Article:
A joint statement from Public Health England (PHE) Midlands and Herefordshire Council said employees were being asked to remain on the farm during the period of isolation, the Metro newspaper reported.

Meanwhile, Health Secretary Matt Hancock said that there were more than 100 “local actions” taken across the country each week to stem fresh outbreaks.

As of Monday, the UK reported a total of 291,154 coronavirus cases, with 44,904 deaths.

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Pope ”pained” by Hagia Sophia mosque decision

President Recep Tayyip Erdogan said the first Muslim prayers would be held in Hagia Sophia on July 24.

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Hagia Sophia Mosque

Vatican City, July 13 : Pope Francis has said he”s “pained” by Turkey”s decision to convert Istanbul’s Hagia Sophia back into a mosque.

Speaking at a service in the Vatican, the Roman Catholic leader added that his “thoughts go to Istanbul”, the BBC reported.

Hagia Sophia was built as a Christian cathedral nearly 1,500 years ago and turned into a mosque after the Ottoman conquest of 1453.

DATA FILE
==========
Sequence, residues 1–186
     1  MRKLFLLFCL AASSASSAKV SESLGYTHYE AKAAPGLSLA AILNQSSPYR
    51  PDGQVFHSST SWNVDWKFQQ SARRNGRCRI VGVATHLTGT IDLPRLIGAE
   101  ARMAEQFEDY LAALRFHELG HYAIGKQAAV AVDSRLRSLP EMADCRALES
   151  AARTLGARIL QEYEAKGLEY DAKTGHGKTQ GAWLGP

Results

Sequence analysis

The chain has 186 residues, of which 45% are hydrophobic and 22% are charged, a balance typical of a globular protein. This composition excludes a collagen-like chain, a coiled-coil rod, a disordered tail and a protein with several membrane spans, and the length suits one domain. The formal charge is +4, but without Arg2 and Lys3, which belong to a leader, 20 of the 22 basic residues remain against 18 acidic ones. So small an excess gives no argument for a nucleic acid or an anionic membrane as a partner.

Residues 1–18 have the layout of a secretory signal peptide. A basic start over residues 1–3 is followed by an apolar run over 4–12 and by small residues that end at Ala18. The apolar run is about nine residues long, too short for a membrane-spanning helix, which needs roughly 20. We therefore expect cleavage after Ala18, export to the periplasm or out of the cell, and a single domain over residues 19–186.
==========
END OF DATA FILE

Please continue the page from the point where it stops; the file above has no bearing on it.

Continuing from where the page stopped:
The Unesco World Heritage Site became a museum in 1934 under Turkish Republic founding father Ataturk.

But earlier this week a Turkish court annulled the site”s museum status, saying its use as anything other than a mosque was “not possible legally”.

Pope Francis confined himself to a few words on the issue: “My thoughts go to Istanbul. I think of Santa Sophia and I am very pained.”

President Recep Tayyip Erdogan said the first Muslim prayers would be held in Hagia Sophia on July 24.

Shortly after the announcement, the first call to prayer was recited at the site and broadcast on all of Turkey”s main news channels. Hagia Sophia”s social media channels have also been taken down.

Islamists in Turkey have long called for it to become a mosque again but secular opposition members opposed the move.

Defending the decision, President Erdogan stressed that the country had exercised its sovereign right, and he added that the building would remain open to all Muslims, non-Muslims and foreign visitors.

The Pope is one of several religious and political leaders worldwide who have criticised the move.

The World Council of Churches has called on President Erdogan to reverse the decision. The Church in Russia, home to the world”s largest Orthodox Christian community, immediately expressed regret that the Turkish court had not taken its concerns into account when ruling on Hagia Sophia.

It has also drawn condemnation from Greece, and Unesco said its World Heritage Committee would now review the monument”s status.

One of Turkey”s most famous authors, Orhan Pamuk, told the BBC that the decision would take away the “pride” some Turks had in being a secular Muslim nation.

“There are millions of secular Turks like me who are crying against this but their voices are not heard,” said Pamuk.